I think diplomacy is the most important skill for a designer here. I’ve learned that being self-critical and thick-skinned as a designer is a great skill, but designers are also creative people, and everyone feels crappy when their ideas get hacked to pieces on a whiteboard. Also, most designers in publishing work with external devs on a daily basis, and each studio has their OWN design staff who don’t appreciate being bossed around by an entry-level designer. So if I’m tactful with feedback, I get a lot more done. J My mom used to always say “People will forget what you said, people will forget what you did, but they’ll always remember how you made them feel.” That applies to so much of the getting-a-job process in games that it’s really scary sometimes.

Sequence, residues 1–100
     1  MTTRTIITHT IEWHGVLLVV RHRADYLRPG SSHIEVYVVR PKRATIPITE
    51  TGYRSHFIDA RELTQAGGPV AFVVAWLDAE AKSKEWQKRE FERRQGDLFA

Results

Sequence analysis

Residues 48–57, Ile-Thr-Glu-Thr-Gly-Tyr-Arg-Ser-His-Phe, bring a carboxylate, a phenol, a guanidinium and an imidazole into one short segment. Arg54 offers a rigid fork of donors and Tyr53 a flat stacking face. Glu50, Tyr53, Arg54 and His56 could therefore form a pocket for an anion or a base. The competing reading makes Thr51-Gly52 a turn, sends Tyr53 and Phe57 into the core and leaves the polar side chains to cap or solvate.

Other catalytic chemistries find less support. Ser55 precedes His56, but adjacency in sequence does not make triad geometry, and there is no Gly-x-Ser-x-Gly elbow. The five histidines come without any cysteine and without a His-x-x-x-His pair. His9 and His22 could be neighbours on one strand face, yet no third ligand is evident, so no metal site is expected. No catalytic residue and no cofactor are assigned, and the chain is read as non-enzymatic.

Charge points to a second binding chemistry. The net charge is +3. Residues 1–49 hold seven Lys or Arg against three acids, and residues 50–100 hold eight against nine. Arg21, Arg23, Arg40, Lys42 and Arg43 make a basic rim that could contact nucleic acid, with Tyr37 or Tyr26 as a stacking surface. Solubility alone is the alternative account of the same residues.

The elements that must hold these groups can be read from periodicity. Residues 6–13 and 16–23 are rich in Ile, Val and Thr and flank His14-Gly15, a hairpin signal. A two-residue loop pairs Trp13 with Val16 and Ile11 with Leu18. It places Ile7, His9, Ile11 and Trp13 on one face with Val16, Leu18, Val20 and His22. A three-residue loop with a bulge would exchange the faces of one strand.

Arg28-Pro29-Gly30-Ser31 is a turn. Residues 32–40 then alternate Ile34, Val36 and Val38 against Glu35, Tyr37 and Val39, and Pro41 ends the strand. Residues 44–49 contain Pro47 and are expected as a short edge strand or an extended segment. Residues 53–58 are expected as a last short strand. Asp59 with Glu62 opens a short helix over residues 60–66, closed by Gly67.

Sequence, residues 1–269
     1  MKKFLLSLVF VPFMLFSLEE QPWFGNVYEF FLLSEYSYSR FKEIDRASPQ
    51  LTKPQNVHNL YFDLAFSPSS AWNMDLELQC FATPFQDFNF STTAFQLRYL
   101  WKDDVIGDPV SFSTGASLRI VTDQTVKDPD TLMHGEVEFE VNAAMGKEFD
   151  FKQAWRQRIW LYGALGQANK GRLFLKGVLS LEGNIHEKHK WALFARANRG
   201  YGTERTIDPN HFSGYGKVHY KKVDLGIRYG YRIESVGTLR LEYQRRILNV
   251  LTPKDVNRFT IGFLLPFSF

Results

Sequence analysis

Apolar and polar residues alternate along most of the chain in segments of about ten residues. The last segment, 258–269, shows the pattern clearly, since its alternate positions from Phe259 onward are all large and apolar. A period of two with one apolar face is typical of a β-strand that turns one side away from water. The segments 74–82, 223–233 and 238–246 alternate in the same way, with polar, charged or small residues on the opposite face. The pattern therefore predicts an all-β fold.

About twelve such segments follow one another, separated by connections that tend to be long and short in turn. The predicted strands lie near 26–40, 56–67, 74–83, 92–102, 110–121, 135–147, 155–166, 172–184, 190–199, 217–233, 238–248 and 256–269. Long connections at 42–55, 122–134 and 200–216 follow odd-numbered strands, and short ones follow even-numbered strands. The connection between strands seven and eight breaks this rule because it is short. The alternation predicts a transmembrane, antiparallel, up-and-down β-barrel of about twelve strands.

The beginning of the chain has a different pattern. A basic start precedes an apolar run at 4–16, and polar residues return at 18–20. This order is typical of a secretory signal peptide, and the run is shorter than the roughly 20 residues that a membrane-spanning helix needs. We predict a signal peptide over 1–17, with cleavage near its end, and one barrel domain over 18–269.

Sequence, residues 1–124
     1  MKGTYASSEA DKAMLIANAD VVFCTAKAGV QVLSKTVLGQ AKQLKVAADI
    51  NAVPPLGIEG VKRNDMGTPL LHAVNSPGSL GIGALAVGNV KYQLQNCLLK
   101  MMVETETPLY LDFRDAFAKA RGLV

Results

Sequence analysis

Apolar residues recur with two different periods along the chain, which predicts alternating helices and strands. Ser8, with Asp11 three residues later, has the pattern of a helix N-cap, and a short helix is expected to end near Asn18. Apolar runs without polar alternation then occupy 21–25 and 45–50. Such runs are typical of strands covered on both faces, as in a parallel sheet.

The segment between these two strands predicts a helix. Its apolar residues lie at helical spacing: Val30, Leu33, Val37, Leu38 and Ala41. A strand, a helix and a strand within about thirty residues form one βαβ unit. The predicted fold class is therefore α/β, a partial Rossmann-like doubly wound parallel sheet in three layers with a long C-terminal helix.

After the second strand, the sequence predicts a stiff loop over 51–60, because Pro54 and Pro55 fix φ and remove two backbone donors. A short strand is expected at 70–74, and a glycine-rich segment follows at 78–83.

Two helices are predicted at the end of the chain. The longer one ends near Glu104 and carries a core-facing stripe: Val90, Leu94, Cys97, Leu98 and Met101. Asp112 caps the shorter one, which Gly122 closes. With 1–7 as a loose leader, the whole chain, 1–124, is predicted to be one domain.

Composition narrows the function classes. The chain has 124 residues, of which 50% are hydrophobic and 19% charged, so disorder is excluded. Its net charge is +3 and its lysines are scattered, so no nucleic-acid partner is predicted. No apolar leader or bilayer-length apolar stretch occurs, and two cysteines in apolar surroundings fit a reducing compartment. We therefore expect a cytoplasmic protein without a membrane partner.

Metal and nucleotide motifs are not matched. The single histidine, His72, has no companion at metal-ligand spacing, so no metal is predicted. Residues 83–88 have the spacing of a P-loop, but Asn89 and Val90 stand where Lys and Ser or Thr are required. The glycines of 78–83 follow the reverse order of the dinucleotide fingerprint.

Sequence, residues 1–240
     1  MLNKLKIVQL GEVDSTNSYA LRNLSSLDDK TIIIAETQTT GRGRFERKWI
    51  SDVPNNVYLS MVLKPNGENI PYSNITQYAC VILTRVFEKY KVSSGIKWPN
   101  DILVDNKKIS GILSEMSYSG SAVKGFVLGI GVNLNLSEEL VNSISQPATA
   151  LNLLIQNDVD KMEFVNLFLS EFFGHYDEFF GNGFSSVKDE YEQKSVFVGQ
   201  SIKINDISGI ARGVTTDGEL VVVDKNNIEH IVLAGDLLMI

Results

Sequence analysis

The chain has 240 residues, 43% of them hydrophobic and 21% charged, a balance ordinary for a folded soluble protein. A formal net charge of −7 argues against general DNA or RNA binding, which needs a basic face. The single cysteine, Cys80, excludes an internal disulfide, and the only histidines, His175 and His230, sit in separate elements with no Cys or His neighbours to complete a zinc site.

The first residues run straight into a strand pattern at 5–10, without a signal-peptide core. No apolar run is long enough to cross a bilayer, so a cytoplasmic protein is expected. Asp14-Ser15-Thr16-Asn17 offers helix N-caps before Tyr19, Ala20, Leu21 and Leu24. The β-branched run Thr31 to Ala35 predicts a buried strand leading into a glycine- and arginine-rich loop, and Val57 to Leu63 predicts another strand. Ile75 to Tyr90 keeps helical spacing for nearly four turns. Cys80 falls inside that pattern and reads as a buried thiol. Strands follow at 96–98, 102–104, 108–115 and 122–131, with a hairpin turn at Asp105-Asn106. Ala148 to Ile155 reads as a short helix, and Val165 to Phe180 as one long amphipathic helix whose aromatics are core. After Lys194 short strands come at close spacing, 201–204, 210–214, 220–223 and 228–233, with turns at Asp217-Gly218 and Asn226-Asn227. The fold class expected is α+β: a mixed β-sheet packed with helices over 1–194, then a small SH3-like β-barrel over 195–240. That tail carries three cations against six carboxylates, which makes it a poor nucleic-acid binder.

Speaking of diplomacy and tact: I know someone who applied for a design internship here, got to the interview stage, and then was asked about his opinions of Gears of War. He started tearing the game apart as one of his least favorite games ever. Unfortunately, the guy he was talking to happened to be a former Gears designer. Let’s just say that guy doesn’t currently work in games and probably won’t.

And as Alex said, no one hires an “idea guy” – technical skill is a good thing. During my internship at EA I learned how to prototype in their GlassBox engine and I have continued to learn other engines. I have a BA in English. It reeeeeally doesn’t come naturally. But I think every designer should know at least a few engines and have made some demos in them.

Lastly: tell your friend to have a website! This is SO IMPORTANT for designers and it’s really hard to convince people you’re good at design if your work isn’t playable anywhere.